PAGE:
Not in the case of Bach's "Magnificat" anyway. There are at least fifty different available recordings of the Magnificat; most of them are worth hearing and many of them are superbly performed. There are performances conducted by Gardiner, Herreweghe, Harnoncourt, Parrott, Koopman, Kuijken, McCreesh, Fasolis, Pierlot, and Haim -- those are the ones I keep on my Bach shelf -- and all of them are excellent. If I had to choose only one, for the moment, I'd opt for Emmanuelle Haim's astoundingly energetic interpretation, despite the fact that i often hear Haim's performances as overwrought. This performance conducted by Thomas Hengelbrock deserves a place on that shelf also. If anyone reading this review has never heard the Bach Magnificat -- never truly lived, that is -- and demands to know whether I'd recommend this CD first and foremost, the answer is "no". I'd suggest Pierlot first - Bach: Magnificat - and I'd assume that the listener would be compelled to hear Haim's interpretation Bach - Magnificat / Handel - Dixit Dominus - and then ... well, each and all of them.
Despite the claims of certain nationalistic musicologists, Antonio Lotti was not a German, not born in Hanover. He was Venetian, the child of Venetian musicians, who got his musical training in Venice and apparently spent most of his career there. It was his father, Matteo Lotti, who was working in Hanover when Antonio was born. Antonio spent just two years in Dresden -- 1717-1719 -- while several of his operas were being staged there. He was, like most Italian composers of his era, best known as an opera composer. The notes that accompany this CD are delightfully informative about his life.
The Kyrie and Gloria from Lotti's Missa Sapientiae recorded here are taken from a manuscript from the collection of JS Bach, partly copied in Bach's own writing. Bach probably got score second hand, from a copy made by Johan Dismas Zelenka in Dresden. What a pedigree, eh? Bach, supposedly the all-pious Lutheran, had suddenly become enamored of the Italianate Latin Missa, for the excellent reason that he was angling for a job at the Catholic court of Dresden, or at worst a few "commissions" from that Court. He got 'scratch' for his efforts, but the interest resulted in some of his finest music, including eventually his monumental Mass in B minor.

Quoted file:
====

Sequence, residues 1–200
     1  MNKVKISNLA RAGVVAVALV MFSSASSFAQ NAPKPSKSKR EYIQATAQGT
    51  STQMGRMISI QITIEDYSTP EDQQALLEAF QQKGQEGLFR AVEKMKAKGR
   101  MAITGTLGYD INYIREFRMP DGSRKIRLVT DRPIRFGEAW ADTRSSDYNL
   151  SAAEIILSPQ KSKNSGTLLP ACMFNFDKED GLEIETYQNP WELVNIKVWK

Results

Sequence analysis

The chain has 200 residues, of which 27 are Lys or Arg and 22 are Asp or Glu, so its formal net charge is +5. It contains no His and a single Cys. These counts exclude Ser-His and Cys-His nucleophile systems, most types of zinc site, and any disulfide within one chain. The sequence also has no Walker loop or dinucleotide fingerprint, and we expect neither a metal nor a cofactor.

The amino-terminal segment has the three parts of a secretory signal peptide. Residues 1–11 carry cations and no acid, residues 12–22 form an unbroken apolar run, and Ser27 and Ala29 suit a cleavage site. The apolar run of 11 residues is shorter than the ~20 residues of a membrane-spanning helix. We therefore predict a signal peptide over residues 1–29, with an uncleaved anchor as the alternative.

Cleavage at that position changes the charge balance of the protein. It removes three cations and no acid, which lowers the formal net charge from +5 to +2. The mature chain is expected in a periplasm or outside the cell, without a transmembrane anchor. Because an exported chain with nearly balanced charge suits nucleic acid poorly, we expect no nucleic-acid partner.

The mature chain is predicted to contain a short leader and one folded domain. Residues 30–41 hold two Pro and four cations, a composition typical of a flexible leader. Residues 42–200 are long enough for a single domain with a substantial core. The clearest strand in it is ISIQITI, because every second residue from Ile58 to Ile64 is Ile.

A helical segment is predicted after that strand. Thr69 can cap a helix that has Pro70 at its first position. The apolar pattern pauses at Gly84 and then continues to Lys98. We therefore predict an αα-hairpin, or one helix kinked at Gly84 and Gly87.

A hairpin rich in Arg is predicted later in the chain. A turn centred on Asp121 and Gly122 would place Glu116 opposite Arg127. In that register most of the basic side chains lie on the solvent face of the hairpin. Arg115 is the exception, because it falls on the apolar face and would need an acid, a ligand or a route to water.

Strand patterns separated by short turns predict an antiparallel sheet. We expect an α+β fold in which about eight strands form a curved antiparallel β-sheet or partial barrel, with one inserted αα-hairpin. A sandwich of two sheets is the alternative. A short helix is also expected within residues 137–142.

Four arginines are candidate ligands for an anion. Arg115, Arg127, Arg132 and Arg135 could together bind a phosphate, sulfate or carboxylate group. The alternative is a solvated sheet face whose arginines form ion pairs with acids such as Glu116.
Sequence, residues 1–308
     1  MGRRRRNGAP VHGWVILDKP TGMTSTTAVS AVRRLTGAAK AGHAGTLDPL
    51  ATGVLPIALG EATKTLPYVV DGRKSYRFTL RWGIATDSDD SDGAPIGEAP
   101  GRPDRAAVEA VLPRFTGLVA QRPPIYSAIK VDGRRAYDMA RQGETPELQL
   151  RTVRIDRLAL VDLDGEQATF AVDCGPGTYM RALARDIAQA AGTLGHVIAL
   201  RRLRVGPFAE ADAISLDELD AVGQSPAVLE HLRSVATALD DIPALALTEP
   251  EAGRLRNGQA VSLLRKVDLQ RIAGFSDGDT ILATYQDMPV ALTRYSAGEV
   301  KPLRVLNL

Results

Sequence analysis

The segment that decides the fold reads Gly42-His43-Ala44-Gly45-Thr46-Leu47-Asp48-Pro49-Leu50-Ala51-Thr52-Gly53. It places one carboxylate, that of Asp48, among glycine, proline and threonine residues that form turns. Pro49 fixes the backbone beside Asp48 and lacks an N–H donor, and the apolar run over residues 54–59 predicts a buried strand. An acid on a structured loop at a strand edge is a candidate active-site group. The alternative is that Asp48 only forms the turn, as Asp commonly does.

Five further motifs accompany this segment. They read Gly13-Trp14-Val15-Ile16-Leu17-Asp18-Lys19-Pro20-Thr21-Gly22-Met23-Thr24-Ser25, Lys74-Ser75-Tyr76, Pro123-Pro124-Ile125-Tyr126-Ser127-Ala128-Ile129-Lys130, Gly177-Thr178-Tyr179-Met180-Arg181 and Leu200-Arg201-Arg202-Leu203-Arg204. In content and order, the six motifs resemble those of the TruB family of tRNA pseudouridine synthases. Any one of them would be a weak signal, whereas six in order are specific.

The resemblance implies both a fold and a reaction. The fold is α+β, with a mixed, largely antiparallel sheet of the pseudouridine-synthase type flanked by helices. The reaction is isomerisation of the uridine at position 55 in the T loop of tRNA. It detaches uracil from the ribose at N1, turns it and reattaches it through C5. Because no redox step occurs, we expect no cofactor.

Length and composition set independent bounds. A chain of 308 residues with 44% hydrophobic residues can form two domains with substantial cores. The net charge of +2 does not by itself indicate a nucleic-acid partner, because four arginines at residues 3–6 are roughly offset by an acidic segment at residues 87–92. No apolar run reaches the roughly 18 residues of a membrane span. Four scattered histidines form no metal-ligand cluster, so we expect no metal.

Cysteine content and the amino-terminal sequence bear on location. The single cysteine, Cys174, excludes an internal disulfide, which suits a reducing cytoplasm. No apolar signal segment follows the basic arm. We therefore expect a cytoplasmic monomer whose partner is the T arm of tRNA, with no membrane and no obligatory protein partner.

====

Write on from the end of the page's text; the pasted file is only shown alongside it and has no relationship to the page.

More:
Lotti's Missa Sapientiae -- so named by Zelenka -- sounds nothing at all like Bach or Zelenka. It's blithe and airy by comparison. Its sounds much more like the typical "numbers mass" for voices and instruments of later composers, particularly the early masses of Joseph Haydn. In such masses, each phrase of the Proper text is set separately and distinctively, with varying instrumentation and affect. Lotti's Gloria is divided into ten movements, ranging in length from a minute and a half to three and a half minutes. Masses of this sort, in that era, were essentially celebrations of civic or courtly grandeur and could extend for several hours of music.
Lotti was almost twenty years older than Bach. He could well be regarded as a major innovator of the high baroque instrumental/vocal Missa. Curiously enough, in his later years, he turned sharply away from such grandiosity and devoted himself to composing in the severe antiquated-sanctified style of Palestrina, a decision that no doubt hastened his oblivion. There are still rather few recordings of Lotti's music available, and the best of them are all performances by this "Balthasar-Neumann" ensemble, with Thomas Hengelbrock conducting.